I’ve got to the start where I’ve abandoned too many personal programming projects. Now I’m loathed to start any new ones unless it’s going to be really signficant.
I can think of three reasons for doing a project – to create something, to learn something, or because you’ve got nothing better to do.
Creating something is the raison d’etre of programming. Creating something new is great. Pushing the envelope, exploring new ground. Finding a more efficient, elegant or more general solution to an already solved problem is great. In contrast, reinventing the wheel is loathsome. Writing Yet Another Window Manager or Yet Another Text Editor should a hangable offence.
Having said that, writing programs for your own education is part of the ongoing process of improvement which any programmer should pursue. Writing a garbage collector yourself is probably the best way to learn about them. But I try hard to limit the scope of “learning programs” because otherwise you can spend weeks on irrelevant details.
The last reason – “because you’ve nothing else to do” – is the worst reason for sitting programming a computer. Directionless wandering will suck hours from your life, and at the end you’re only tired rather than wise.
So, I’ve written substantial, yet incomplete, portions of DTP programs, compiler backends. I’ve written too many raytracers, mostly as a way of learning a new language. They’re complex enough to explore the language and tools adequately, but I know how to write one from memory.
I’m working my way through the videos from the Lightweight Languages 2002 (LL2) conference at MIT. Yay, for digital videos of conferences! Boo, for doing it in RealVideo format. This isn’t just because I can’t archive it locally, but also because there isn’t terribly much action to watch. Most of the time, the camera focuses on the presenter’s slides, which appear blurry and pixelated after the RealVideo codec has squished them. I look forward to the day when SMIL or some other integrated multimedia solution allows us to mix audio/text/html/pdf/video in a syncronized stream. It would be a great boost for online learning.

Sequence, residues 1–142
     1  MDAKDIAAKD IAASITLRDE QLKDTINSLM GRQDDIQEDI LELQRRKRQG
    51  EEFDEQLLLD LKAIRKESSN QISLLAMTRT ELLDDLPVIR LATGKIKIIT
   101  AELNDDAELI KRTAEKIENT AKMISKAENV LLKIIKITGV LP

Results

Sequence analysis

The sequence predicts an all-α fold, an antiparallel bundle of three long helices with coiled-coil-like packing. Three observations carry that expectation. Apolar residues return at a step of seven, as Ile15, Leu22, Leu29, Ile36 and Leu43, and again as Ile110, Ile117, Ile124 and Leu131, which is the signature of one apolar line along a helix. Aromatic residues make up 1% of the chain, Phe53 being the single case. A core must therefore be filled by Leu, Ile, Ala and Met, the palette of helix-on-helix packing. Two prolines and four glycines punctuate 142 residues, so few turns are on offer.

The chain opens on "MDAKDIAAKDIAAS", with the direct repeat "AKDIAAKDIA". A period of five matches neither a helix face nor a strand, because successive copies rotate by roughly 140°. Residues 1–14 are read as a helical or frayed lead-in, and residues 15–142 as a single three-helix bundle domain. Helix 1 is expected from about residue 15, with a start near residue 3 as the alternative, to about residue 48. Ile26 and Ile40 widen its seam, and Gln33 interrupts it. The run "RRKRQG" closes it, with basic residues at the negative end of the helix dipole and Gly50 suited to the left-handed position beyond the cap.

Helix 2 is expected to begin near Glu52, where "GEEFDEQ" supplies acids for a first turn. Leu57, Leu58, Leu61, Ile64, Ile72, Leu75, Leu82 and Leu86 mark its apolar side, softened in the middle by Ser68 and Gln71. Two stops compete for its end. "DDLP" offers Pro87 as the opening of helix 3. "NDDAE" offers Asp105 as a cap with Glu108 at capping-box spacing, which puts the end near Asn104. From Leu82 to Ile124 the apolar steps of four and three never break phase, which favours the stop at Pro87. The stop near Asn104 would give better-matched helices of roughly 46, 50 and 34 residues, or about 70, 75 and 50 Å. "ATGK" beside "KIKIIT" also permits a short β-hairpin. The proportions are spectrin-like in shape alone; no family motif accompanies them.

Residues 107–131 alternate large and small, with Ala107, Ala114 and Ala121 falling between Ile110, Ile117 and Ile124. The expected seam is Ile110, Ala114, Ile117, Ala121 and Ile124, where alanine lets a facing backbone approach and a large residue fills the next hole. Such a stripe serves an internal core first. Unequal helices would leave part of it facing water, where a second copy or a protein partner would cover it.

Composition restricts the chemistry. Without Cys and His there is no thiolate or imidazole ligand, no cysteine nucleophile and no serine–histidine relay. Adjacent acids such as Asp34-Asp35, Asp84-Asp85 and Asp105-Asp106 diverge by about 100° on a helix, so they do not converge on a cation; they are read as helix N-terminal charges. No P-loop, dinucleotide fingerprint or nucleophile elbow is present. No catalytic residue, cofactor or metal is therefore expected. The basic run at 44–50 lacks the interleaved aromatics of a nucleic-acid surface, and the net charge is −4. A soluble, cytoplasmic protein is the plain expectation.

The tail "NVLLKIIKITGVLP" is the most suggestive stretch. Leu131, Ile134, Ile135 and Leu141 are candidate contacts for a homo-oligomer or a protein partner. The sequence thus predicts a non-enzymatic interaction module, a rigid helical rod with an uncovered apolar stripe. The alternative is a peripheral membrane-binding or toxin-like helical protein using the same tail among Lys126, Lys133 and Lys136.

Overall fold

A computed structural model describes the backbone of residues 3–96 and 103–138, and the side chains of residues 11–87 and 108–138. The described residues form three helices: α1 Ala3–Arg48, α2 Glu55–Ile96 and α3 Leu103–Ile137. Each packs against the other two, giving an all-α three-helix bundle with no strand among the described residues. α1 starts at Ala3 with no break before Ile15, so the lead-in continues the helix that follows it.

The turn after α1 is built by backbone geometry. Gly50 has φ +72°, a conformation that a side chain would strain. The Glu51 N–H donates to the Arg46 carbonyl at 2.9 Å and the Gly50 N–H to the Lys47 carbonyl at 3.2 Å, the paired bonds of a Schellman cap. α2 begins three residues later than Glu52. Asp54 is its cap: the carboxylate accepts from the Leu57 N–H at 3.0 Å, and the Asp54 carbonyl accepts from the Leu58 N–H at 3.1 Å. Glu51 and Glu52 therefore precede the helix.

Anyhow, I’ve just watched Matthew Flatt’s presentation in which he plays with the distinction between programming languages and operating systems. He makes the point that safe languages (such as ml, where the type system guarantees that you won’t suffer pointer errors) remove at least some of the reasons for having processes occupying seperate address spaces. Unlike in C++, an ML program will never scribble over the end of a heap block. So, if your citizens are well enough behaved, they can all live in the one house together.
Hmm, must leave to get to band practise now …
A few years ago, I dabbled in hardware by building a programmer and test circuit using the PIC microcontroller. At the time, I wished that I had a digital camera so that I could put up a webpage. Well, four years have passed and I finally have a digital camera, so here it is.
I think building these circuits exorcised my hardware daemons. I feel no further need to build “little computers” (which was what Susan’s mum would call it). Normal service will be resumed shortly.
I’ve used the DevStudio debugger for years. Until today, an “access violation” dialog meant “game over”. You could poke around with the debugger to find out why your application crashed, but since your application was already dead, it was basically just a post-mortem. And then today, I realised that you can often ressurect the program …
Continue reading “Stunt Debugging with C++”
The blogging world has been a great discovery for me. For the first time, I can tune into the thoughts of people who share the same niche interest as I do. This was never possible to the same degree with usenet or mailing lists. However, I’ve started suffering information overload from this! Reading everyone else’s blogs has just encouraged me to spend more and more time thinking and reading about programminging stuff. Normally, this wouldn’t be a problem. However, I have a full-time programming job too, and as life would conspire, it has nothing to do with compilers or programming languages. I feel that I’ve recently been working two jobs instead of one – burning my brain at both ends, so to speak. Consequently, I’m making a conscious effort to spend less time doing computer-related stuff, in an effort to restore a bit of balance. I’ll be trimming out a lot of the “wasted time” I spend sitting on front of a computer. You know, like when you sit down to do one websearch and *pow* it’s suddenly two hours later? Anyhow, I know the world ain’t going to stop just because I don’t read about compilers for a week ..